Spring 2022 - HUM 359 D100
Constructing the Nation State in Greece, the Balkans, and the Mediterranean (4)
Class Number: 7218
Delivery Method: In Person
Investigates the construction of nation states in Greece, the Balkans and the Mediterranean with a focus on the ideas of the Nation and the Nation State. Examines specific cases such as Greece, Yugoslavia, Bulgaria, and the development of Israel. Students with credit for HIST 359 or HS 359 may not take this course for further credit.
This course examines the establishment of the Balkan and Mediterranean nation states from the early 19th to the 21st century, the challenges they faced, their failures and successes. We will begin with an examination of the idea and theories surrounding Nationalism, the driving force behind the establishment or development of these states. We will then proceed with the establishment of the Balkan and Mediterranean states using specific examples such as Greece, Italy, and so on. We will examine the processes that led to the creation of the various Balkan and Mediterranean states, the policies and ideologies adopted once these states were formed, what sort of structures evolved over the course of the 19th century, the challenges they faced, and their responses to such challenges. We will then examine the way these states navigated the momentous and violent events of the first half of the 20th century (World Wars I and II, the Great Depression, the emergence of Communism, the Holocaust). We will then examine the emergence of new Mediterranean states following the decolonization of the region in the Middle East including Israel, Algeria, Egypt, and Cyprus. We will continue with the examination of the Cold War and how the various Mediterranean and Balkan states responded to the it, concluding the discussion with the Wars of Yugoslavia in the 1990s the efforts of Balkan and Mediterranean states to reframe their relationship with Europe, and the continuing or new conflicts in the region.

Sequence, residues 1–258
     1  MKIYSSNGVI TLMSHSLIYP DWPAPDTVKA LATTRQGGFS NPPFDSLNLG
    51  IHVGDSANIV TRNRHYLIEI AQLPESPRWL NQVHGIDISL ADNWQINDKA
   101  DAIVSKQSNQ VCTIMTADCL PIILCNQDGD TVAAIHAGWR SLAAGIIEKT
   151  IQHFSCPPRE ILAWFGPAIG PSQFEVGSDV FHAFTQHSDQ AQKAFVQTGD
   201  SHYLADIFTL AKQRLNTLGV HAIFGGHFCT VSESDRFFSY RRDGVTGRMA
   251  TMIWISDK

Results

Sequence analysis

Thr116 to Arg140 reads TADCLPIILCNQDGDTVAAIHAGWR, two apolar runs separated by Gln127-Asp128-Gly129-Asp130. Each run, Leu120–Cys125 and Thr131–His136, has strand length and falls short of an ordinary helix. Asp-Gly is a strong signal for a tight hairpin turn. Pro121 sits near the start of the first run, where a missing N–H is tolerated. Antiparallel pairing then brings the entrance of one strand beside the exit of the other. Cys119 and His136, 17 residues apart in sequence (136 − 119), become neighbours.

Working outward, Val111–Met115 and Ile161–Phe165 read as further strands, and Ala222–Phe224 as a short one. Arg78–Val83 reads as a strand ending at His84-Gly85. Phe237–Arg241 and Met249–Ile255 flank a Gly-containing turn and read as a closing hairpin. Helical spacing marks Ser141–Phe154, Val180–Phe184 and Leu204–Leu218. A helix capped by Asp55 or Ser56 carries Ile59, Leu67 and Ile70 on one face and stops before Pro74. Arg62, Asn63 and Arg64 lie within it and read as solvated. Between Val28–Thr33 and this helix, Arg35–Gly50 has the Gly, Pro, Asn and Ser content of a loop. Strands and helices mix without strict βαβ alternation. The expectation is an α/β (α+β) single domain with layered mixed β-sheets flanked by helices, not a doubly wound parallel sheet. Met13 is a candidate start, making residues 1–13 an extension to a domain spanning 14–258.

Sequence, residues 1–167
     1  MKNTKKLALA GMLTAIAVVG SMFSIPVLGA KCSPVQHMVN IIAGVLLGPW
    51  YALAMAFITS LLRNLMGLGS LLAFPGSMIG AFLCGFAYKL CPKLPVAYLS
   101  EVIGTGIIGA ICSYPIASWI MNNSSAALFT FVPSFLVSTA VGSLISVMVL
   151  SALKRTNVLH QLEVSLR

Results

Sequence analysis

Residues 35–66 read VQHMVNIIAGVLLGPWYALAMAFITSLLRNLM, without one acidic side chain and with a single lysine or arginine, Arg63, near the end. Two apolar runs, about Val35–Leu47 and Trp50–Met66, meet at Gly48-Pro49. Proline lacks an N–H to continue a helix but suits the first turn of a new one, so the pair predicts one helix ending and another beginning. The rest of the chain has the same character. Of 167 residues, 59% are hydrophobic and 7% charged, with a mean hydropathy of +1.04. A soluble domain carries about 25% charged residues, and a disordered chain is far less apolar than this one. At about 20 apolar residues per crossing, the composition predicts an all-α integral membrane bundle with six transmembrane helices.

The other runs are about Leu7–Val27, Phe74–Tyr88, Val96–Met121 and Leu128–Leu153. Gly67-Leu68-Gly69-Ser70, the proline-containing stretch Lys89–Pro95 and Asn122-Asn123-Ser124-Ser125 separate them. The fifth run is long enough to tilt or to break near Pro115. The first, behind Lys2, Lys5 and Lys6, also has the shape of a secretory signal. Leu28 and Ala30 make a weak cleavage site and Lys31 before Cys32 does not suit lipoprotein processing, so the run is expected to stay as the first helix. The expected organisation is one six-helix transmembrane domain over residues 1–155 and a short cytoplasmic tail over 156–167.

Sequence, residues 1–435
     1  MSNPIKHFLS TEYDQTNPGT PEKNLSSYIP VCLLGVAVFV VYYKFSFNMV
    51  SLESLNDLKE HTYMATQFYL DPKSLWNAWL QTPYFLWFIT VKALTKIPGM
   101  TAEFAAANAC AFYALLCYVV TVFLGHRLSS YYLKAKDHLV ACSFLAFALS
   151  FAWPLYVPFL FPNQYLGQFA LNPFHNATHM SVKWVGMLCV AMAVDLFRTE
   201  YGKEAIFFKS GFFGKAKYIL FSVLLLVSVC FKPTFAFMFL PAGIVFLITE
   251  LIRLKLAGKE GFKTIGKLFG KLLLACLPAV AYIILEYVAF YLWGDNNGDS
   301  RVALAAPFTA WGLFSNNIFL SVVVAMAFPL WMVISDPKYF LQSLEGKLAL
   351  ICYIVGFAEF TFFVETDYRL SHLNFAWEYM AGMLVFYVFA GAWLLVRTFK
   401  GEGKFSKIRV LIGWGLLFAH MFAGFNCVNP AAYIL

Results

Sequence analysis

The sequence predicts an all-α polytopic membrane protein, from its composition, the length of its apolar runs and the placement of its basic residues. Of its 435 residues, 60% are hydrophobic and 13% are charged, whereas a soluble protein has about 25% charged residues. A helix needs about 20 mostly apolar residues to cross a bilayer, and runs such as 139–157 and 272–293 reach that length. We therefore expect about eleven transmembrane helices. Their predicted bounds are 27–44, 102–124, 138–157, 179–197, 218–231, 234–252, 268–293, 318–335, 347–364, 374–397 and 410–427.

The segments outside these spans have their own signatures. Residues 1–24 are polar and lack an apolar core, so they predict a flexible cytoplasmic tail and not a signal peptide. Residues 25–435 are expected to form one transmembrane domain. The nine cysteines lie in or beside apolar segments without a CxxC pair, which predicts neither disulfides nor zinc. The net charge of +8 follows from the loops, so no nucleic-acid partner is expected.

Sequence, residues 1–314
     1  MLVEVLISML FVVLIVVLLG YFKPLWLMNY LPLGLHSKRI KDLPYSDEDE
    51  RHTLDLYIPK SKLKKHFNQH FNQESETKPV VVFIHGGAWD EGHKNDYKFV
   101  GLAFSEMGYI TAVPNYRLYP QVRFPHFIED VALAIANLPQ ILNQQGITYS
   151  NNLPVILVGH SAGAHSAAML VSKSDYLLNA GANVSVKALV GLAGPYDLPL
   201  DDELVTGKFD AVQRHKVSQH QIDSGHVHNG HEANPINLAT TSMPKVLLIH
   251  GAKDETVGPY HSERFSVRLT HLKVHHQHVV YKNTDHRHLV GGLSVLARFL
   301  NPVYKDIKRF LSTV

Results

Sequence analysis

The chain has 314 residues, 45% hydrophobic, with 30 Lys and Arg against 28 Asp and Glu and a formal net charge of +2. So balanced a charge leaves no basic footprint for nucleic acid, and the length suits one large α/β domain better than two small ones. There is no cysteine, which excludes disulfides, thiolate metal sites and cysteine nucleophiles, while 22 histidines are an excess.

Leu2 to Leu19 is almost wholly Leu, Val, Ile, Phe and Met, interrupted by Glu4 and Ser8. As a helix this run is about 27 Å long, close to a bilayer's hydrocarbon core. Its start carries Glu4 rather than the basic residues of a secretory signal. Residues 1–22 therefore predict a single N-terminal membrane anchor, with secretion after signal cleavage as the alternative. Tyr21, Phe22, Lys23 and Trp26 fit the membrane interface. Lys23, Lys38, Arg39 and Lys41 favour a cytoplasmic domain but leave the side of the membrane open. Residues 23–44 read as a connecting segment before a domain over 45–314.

- Attendance and Participation 20%
- Readings Responses 15%
- Book Presentation 20%
- Midterm 20%
- Paper 25%
Provided in class.
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TEACHING AT SFU IN SPRING 2022
Teaching at SFU in spring 2022 will involve primarily in-person instruction, with safety plans in place. Some courses will still be offered through remote methods, and if so, this will be clearly identified in the schedule of classes. You will also know at enrollment whether remote course components will be “live” (synchronous) or at your own pace (asynchronous).
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Students with hidden or visible disabilities who may need class or exam accommodations, including in the context of remote learning, are advised to register with the SFU Centre for Accessible Learning (firstname.lastname@example.org or 778-782-3112) as early as possible in order to prepare for the spring 2022 term.